(Lars) #1
When my Monday came, I again took
the bus to KMTV. Mother was teaching, and
Daddy was out of town on business.
Everything was familiar this time. It was
interesting to watch the bustle in the studio
to keep a schedule to the exact minute. Crew
pushed big cameras on wheels and adjusted
lights. Warren Rudd filled in with music from
his Hammond organ.
First to perform was a boy with an accor-
dion. He zipped through “Lady of Spain.”
Next was a girl who did baton twirling.
She added flags and acrobatic moves.

While he relived the hilarious glory of
his performance, I thought about making
the best of it. I did know Schubert’s “Ave
Maria” in a very easy version that used two
hands to simplify those famous arpeggios.
I did have it memorized. Daddy always
sang the words when he was around. He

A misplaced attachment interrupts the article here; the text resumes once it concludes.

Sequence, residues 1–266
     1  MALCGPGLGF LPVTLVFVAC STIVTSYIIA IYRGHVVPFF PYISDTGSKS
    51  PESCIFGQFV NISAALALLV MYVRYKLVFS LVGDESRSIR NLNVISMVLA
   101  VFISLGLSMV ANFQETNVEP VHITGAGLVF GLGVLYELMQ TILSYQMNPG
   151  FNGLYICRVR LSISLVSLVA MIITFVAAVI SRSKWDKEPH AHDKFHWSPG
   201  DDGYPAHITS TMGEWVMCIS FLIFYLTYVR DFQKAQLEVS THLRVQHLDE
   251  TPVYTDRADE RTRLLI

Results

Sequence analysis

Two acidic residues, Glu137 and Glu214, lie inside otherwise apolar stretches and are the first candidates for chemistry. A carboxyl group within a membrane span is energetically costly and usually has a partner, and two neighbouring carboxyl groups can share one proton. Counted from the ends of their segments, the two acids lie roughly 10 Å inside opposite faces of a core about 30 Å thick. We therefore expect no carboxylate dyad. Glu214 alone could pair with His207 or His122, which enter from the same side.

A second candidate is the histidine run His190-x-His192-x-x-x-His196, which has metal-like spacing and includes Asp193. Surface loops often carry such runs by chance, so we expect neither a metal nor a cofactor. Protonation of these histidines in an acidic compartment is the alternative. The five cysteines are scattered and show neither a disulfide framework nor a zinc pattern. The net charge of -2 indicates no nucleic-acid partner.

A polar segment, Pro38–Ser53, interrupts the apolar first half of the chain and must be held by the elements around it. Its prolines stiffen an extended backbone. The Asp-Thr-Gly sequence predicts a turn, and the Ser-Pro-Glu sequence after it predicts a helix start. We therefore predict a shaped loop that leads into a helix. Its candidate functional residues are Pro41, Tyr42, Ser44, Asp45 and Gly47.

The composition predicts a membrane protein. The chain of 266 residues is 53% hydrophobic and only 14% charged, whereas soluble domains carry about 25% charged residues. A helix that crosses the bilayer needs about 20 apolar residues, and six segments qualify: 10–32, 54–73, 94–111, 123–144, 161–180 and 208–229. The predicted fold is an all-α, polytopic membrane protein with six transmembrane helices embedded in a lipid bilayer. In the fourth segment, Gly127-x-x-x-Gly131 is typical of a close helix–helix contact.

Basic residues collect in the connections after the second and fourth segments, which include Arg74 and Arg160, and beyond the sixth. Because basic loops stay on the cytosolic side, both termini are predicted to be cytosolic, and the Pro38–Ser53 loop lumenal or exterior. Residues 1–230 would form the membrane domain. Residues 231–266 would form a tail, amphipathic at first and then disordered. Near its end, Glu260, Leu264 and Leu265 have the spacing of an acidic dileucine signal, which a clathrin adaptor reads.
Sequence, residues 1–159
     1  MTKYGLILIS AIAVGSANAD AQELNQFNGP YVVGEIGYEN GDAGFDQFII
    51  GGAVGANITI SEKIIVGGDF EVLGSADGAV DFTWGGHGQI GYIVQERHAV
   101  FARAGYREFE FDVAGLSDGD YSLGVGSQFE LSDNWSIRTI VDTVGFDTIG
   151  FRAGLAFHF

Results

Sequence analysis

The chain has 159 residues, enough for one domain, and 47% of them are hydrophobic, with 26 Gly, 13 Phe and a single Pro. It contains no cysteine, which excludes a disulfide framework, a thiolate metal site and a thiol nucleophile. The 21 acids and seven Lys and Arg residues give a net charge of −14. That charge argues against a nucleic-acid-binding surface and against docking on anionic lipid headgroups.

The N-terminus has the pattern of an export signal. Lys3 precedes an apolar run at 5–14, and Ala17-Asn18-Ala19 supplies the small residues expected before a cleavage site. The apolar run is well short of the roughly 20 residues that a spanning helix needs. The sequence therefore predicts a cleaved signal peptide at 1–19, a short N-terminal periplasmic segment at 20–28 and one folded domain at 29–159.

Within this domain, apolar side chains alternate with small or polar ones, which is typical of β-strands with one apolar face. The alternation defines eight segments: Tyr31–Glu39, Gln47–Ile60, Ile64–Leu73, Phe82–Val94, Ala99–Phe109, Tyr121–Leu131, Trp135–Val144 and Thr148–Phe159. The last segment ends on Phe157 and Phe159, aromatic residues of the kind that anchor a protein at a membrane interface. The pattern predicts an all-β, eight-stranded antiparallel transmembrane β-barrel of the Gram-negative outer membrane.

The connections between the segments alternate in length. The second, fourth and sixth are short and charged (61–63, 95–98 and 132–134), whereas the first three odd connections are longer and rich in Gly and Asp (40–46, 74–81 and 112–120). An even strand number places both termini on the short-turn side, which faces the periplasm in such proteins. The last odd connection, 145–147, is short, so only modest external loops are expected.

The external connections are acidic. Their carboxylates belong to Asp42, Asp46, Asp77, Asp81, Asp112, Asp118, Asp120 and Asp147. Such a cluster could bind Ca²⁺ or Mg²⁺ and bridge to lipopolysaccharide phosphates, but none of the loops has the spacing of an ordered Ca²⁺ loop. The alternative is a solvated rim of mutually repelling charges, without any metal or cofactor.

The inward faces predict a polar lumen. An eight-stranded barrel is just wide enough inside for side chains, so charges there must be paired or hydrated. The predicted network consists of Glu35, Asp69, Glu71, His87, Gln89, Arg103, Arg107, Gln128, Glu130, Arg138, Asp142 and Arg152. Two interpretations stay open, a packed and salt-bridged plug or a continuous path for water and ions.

loved that song.
When my piano teacher agreed that I
couldhandletheshow,Imailed my applica-
tion with the required information.
I had almost forgotten about it when the
notice came for an audition time on a Saturday
afternoon. Daddy said part of being indepen-
dent and responsible was to go by myself. The
buswentrightbytheKMTVstudios.
So that Saturday I checked in at the desk
and sat down to wait. I was soon called.
ThehostofTalent Sprouts, Lew Jeffrey,
and the musical director, Warren Rudd,
welcomed me. I recognized the set. They
described the routine for the participants and
told me I could begin to play my piece.
IntotheeighthmeasureInoticed Warren
RuddnodtoLewJeffrey.That gave me con-
fidence, and I relaxed.
Daddy was over the moon when I told
him I had been assigned a day to perform
less than two weeks away. Still, I had very
little confidence in my talent. I knew I had
an easy arrangement. I could never have
played Schubert’s original.
Watching a contestant perform Durand’s
WaltzinE-flatmademefeelvery small
indeed. I decided not to tell anyone outside
my family about the show.

ARPEGGIOS
ARE NOTES
OF A CHORD
PLAYED IN
RAPID
SUCCESSION.


“LADY OF SPAIN” WAS A POPULAR
SONG IN THE 1930s AND ’40s.